Featured Studies

First Mouse Model to Mimic Lung Disease Could Speed Discovery of More Effective Treatments

August 27, 2018

Chest XRay and chest CT scan from a patient with idiopathic pulmonary fibrosis (IPF) and lung tissue from IPF mouse model
Photo Credit: Michael Beers, Perelman School of Medicine, University of Pennsylvania

The biggest hurdle to finding effective therapies for idiopathic pulmonary fibrosis (IPF) – a life-threatening condition in which the lungs become scarred and breathing is increasingly difficult – has been the inability to fully model the disease in animals, limiting the ability to observe and understand the disease. Now, a team of researchers from Penn Medicine has developed the first mouse model with an IPF-associated mutation, which induces scarring and other damage similar to what is observed in humans suffering from the condition. The findings are published this week in the Journal of Clinical Investigation.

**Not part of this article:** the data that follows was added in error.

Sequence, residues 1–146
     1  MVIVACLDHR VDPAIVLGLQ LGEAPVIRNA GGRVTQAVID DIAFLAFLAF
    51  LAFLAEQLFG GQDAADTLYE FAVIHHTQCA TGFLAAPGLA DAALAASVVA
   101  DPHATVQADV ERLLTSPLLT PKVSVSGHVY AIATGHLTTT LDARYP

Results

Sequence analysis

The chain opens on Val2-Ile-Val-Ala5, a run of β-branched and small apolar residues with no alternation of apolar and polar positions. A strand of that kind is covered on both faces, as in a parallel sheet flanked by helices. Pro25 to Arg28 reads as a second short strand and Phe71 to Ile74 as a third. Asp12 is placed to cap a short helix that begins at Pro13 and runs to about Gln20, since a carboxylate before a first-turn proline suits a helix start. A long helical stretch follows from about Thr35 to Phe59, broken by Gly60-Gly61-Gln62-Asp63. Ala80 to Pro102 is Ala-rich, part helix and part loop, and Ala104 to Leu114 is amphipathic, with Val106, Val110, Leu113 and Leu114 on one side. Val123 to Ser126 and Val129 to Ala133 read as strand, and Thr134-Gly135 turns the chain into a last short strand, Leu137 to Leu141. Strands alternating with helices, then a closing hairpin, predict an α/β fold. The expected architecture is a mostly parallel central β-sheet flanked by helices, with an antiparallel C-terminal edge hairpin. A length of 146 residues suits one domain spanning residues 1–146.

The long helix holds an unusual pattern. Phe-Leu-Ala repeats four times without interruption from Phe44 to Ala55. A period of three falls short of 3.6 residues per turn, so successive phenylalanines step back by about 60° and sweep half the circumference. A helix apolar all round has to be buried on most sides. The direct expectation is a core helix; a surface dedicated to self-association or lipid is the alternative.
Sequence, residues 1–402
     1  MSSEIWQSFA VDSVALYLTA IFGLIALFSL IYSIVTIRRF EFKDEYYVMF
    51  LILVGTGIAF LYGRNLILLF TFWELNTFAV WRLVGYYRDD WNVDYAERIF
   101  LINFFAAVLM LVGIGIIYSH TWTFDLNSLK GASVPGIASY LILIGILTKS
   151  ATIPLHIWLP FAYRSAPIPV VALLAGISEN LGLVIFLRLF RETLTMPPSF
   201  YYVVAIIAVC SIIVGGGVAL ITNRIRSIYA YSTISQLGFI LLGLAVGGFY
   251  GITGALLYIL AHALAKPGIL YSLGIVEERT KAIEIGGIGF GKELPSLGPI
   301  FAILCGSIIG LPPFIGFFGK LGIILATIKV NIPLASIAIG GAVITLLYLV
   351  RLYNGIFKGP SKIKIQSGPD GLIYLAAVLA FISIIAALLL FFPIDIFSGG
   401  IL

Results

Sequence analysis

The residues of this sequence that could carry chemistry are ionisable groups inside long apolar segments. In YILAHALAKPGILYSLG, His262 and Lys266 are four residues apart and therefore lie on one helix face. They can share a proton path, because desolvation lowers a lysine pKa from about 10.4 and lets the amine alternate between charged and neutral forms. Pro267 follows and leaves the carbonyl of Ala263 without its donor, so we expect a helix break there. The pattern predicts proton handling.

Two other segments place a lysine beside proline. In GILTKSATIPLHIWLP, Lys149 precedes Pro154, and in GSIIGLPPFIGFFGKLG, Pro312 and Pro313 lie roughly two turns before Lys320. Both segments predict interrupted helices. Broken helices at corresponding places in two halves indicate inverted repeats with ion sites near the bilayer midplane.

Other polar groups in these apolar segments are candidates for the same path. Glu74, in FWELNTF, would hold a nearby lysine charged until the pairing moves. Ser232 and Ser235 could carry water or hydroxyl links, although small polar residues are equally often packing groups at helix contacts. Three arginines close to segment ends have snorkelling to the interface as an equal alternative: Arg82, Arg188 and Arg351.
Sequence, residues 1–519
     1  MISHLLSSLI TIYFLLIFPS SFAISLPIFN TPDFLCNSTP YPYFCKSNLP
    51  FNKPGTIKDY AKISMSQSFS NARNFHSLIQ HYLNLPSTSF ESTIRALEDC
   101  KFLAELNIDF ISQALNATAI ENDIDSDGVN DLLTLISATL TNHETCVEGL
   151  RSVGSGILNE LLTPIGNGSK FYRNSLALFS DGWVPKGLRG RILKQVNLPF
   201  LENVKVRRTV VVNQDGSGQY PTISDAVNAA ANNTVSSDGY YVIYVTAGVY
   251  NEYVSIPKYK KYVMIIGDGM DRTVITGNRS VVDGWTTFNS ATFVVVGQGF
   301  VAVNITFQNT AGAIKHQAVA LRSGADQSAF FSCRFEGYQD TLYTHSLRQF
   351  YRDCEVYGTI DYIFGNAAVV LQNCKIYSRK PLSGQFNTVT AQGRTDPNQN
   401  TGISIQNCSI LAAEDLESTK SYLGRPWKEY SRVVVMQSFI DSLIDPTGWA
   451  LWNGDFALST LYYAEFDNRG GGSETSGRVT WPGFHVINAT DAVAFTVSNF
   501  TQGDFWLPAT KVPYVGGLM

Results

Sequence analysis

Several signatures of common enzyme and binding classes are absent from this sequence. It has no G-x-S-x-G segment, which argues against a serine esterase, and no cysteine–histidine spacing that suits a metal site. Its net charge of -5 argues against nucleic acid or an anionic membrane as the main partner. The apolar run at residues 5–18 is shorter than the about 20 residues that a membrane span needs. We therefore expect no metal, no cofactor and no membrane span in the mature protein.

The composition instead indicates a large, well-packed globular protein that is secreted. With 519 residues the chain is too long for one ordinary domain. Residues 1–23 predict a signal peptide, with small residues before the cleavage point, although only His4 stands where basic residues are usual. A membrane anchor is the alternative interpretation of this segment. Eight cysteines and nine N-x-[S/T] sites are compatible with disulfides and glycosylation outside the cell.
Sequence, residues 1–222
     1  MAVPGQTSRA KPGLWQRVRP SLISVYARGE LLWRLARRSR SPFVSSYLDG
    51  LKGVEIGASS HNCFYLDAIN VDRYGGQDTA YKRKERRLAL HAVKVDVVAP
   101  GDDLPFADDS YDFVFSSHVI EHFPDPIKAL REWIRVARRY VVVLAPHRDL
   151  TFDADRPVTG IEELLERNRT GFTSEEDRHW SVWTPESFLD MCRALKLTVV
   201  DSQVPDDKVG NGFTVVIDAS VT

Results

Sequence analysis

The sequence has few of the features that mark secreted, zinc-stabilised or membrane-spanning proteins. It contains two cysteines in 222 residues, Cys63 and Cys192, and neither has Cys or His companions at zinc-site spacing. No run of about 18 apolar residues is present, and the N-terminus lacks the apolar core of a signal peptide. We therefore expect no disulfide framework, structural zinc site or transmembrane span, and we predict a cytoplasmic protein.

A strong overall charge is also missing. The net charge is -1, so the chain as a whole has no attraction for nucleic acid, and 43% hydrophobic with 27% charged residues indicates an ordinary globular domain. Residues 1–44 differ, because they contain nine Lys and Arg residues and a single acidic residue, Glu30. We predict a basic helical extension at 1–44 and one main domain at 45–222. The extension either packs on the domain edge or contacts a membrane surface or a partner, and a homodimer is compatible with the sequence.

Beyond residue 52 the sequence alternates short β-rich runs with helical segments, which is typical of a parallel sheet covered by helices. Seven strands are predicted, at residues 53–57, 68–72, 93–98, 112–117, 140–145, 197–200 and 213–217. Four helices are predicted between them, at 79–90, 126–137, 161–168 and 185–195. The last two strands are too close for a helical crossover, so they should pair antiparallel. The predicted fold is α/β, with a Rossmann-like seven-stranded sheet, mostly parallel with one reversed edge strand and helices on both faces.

“No one has been able to make a model to date that actually mirrors what’s going on in humans,” said senior author Michael F. Beers, MD, a professor of Pulmonary, Allergy, and Critical Care in the Perelman School of Medicine at the University of Pennsylvania, and research director of the Penn Interstitial Lung Disease Center. “Now, we have a model that resembles the pathology, physiology, and molecular signs found in patients, which will allow us to work out new pathways and targets, and test drugs in more clinically relevant ways.” Read more.

Published August 15, 2018 by Penn Medicine News

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